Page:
One of the things I love most about Christmas is festooning our London flat with greenery and flowers. I adore the smell of fresh-cut pine and white lilies, and the idea of bringing the outdoors in. Decorating our open-plan space is a much-anticipated event. To get it all done I like to start as advent gets underway with a few simple, not overly festive arrangements. In an ideal world I’d use only fresh material cut straight from the garden or bought from a good florist, but time and funds rarely allow, so I mix fresh foliage and flowers with artificial elements and rarely is anyone the wiser.
For now, I am doing my research. One place I always look for inspiration is Williams Sonoma, an upmarket American retailer best known for its beautiful cookshops and moreish peppermint bark confectionery. All through the year they offer a lovely selection of wreaths and garlands made from dried flowers and foliage, but at Christmas they come into their own. Americans like their decorations large and luxurious, which suits me just fine. I love the simplicity of this bay leaf wreath, which would look great in my kitchen all year round.
This year I ordered Amaryllis from Living Colour Bulbs and was staggered by the size of the bulbs that arrived. Each one, the size of a cantaloupe melon, had at least two flower stalks emerging from its papery crown. I chose a variety called ‘Royal Velvet’ which has lustrous flowers of the most decadent opera-house red. When they start to flower in a few weeks’ time they will outshine every other decoration in the flat and will be worth the minimal cost and effort. I’ve planted the bulbs tightly in deep ceramic pots (glazed a rich forest green) so that the heavy heads are well supported when they bloom.
To match these sumptuous blooms I am sorely tempted by John Lewis’ Vibrant Vintage Amaryllis Wreath which is artificial, but who cares when the flowers look this realistic? At £25 it’s cheaper than just three good quality bulbs and much easier to care for.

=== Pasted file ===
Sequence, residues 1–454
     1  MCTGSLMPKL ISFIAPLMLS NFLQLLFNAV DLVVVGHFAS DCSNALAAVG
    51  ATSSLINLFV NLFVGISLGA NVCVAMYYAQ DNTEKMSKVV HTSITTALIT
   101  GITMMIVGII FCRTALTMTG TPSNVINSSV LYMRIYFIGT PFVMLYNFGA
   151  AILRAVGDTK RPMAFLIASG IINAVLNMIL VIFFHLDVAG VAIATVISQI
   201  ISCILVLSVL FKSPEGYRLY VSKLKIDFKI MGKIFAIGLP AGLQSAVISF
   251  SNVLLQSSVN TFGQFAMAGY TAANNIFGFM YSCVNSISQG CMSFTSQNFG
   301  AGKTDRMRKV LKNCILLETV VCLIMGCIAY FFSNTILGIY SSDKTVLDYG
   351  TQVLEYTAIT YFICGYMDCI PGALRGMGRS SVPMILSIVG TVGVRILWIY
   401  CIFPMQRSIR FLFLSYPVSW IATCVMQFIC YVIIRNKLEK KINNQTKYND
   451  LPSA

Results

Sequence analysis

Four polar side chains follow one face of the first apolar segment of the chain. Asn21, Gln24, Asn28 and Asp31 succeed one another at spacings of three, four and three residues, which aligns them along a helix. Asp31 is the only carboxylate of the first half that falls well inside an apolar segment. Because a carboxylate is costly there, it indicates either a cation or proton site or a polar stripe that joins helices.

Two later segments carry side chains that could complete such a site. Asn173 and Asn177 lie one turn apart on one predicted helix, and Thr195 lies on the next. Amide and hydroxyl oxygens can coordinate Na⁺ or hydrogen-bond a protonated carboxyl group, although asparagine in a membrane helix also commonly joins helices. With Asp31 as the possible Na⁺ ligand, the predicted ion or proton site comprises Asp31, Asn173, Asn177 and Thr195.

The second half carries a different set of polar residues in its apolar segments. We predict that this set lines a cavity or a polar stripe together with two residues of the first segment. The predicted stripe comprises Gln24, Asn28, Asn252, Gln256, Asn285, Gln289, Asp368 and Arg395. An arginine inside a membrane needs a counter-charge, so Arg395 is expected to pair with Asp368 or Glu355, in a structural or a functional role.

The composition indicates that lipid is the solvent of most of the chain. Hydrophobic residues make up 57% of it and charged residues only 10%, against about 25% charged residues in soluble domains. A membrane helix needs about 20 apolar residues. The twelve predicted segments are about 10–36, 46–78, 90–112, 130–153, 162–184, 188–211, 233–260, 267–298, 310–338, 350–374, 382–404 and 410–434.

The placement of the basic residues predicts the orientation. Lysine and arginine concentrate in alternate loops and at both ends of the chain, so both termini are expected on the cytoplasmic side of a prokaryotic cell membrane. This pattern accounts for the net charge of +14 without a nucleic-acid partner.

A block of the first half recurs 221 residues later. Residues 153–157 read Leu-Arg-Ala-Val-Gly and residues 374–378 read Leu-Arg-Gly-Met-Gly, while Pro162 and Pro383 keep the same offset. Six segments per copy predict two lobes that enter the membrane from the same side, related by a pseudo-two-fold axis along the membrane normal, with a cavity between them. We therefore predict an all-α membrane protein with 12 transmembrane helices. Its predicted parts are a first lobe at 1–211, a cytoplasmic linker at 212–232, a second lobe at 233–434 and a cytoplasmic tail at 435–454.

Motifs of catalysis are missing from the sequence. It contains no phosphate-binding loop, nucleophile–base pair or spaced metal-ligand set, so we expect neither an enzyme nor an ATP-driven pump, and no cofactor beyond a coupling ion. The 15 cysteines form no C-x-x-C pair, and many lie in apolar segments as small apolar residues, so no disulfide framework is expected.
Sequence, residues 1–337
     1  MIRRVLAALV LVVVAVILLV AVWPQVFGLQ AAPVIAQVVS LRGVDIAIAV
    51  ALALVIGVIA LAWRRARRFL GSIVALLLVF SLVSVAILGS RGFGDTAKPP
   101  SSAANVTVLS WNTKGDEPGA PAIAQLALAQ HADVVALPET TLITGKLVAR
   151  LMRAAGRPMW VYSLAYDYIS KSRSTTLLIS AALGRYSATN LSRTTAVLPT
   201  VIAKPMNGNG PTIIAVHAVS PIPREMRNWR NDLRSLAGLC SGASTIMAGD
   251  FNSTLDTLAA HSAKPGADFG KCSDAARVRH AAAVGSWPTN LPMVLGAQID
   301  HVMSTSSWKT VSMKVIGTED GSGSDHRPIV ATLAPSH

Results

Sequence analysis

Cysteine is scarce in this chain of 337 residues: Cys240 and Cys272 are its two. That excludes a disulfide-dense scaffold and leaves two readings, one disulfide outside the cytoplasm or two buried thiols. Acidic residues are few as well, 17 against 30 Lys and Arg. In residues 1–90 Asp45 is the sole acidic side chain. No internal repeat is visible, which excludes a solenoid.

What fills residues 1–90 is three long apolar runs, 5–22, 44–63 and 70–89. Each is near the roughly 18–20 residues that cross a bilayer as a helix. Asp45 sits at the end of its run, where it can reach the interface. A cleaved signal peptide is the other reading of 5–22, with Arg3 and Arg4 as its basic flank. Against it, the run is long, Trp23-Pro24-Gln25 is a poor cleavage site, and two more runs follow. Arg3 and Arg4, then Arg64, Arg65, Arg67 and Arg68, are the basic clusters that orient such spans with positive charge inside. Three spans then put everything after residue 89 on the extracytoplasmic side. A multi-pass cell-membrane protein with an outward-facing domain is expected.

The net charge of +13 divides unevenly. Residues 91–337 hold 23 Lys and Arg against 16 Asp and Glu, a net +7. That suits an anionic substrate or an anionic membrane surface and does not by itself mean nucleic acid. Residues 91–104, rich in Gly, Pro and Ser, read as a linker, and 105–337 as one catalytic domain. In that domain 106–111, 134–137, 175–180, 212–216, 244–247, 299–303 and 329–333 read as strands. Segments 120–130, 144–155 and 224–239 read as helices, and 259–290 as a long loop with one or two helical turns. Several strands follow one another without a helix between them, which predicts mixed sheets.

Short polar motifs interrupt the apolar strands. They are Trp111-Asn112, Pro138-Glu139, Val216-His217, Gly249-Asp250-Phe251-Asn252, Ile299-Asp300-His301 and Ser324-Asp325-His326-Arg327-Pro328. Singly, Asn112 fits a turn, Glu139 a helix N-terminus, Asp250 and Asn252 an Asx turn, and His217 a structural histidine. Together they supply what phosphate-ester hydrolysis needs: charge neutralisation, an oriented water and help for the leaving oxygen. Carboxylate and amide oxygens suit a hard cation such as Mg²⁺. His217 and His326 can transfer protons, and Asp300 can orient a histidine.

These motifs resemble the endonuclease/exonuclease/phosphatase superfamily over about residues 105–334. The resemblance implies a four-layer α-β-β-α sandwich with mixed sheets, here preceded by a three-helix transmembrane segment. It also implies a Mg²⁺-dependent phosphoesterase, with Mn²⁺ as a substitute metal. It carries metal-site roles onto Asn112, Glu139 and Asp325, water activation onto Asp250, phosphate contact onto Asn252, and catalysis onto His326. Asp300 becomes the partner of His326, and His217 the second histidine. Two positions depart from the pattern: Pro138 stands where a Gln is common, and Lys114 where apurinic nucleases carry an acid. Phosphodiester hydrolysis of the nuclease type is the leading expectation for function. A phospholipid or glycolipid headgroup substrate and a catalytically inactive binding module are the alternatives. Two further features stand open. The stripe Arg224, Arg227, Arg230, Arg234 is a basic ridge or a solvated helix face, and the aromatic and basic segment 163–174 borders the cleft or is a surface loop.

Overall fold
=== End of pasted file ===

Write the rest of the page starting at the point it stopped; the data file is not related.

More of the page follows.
As I write this post I have a generous bowl of Cyclamen persicum ‘Sterling Wine’ on the kitchen counter beside me, a reminder that Christmas really is coming. The deep magenta flowers are held proud above beautifully marbled foliage and will last for months if watered sparingly and given good light.
Back to Williams Sonoma and a sumptuous wreath combining cedar, eucalyptus, pinecones and berries reminds me of the days when I could pillage my parents’ garden for winter foliage. There’s nothing like getting out in the garden with your secateurs and harvesting great bundles of aromatic conifer and glossy holly to bring indoors. This swirling arrangement celebrates all shades of green with just enough touches of red to make it festive.
We have a lot of brown tones in the flat, which draws me to another wreath made up from one of my favourite foliage plants, Magnolia grandiflora, humble box, fir, pinecones and a white berry known as Texas tallow berry. It turns out that this invasive tree, otherwise known as Triadica sebifera, is an Asian infiltrator and the third most productive vegetable oil crop in the world, after algae and oil palm. Who knew? In any case the white fruits look very pretty against the coppery indumentum of the magnolia and the organza ribbon.
I hope this post has got you thinking creatively and feeling Christmassy. I’d love to hear how you plan to dress your home this season and if you have any top tips to share.